The three gunas of the Yogic tradition are the three energy states of the phenomenal world, tamas, rajas, and sattva. Tamas is a state of apathy and inaction, rajas of excitement and activity, and sattva meaning law or balance, is a state in which detachment, or selfless action is possible. Tamas describes people who respond to oppression with apathy, inertia, and a sense of powerlessness. Rajas describes people whose passions have been aroused and for which action is possible, but where there is not necessarily a clear coherent goal or way forward and the possibility of violence exists. (See also effervescence of the crowd.) Sattva describes people who respond with nonviolent action. This is not simply action that lacks violence but creative action towards greater integration, unity, and reconciliation.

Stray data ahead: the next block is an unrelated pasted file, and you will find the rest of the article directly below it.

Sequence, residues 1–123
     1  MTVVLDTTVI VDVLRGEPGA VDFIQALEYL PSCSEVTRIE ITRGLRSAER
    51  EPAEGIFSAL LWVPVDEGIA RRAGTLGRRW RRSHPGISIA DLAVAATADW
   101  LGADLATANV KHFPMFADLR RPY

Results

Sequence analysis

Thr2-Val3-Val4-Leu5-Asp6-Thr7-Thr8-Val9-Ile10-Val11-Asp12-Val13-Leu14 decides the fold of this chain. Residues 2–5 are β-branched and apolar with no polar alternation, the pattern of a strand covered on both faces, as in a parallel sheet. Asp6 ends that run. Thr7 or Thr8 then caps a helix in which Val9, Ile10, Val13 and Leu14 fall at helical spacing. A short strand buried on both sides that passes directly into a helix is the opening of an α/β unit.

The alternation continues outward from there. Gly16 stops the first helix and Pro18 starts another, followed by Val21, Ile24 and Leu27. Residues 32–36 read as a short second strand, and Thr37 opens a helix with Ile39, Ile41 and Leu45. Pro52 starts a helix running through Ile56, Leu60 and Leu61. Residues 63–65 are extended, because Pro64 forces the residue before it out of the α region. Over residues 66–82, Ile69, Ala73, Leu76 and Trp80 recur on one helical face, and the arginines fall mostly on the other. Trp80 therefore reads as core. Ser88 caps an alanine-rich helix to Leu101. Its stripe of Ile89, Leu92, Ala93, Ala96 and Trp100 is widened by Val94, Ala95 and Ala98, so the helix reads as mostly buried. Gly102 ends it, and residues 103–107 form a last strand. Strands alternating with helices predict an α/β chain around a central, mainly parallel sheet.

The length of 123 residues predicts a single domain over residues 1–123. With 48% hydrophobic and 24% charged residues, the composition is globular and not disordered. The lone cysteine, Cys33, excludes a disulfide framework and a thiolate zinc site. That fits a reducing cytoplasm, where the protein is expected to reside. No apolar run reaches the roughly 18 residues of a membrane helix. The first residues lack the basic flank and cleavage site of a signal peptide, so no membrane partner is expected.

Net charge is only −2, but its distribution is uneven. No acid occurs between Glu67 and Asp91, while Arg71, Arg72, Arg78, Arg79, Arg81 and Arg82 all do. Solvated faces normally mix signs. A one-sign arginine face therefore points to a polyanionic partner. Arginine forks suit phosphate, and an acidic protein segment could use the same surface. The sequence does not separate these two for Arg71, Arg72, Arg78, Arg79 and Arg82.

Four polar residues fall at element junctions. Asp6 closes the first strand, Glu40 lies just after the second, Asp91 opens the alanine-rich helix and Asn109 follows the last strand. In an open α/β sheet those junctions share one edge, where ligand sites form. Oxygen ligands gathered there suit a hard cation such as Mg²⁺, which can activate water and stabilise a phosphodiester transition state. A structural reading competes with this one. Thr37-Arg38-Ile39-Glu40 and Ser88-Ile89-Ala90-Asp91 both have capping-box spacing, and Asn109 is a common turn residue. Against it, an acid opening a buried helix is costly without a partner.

The three gunas suggest the spiritual states of cowardice, violence, and nonviolence. It is not possible to move directly from a state of tamas to a state of sattva, without passing through the rajasic state. This explains why often an oppressed group must overcome internalized oppression, the belief that they are powerless or that they somehow deserve their situation. To end this tamasic state they must pass through a phase of passion or anger where they are capable of violence and then on to a sattvaic nonviolent response. As Gandhi said, “I can make a satyagrahi out of a violent person, not out of a coward.”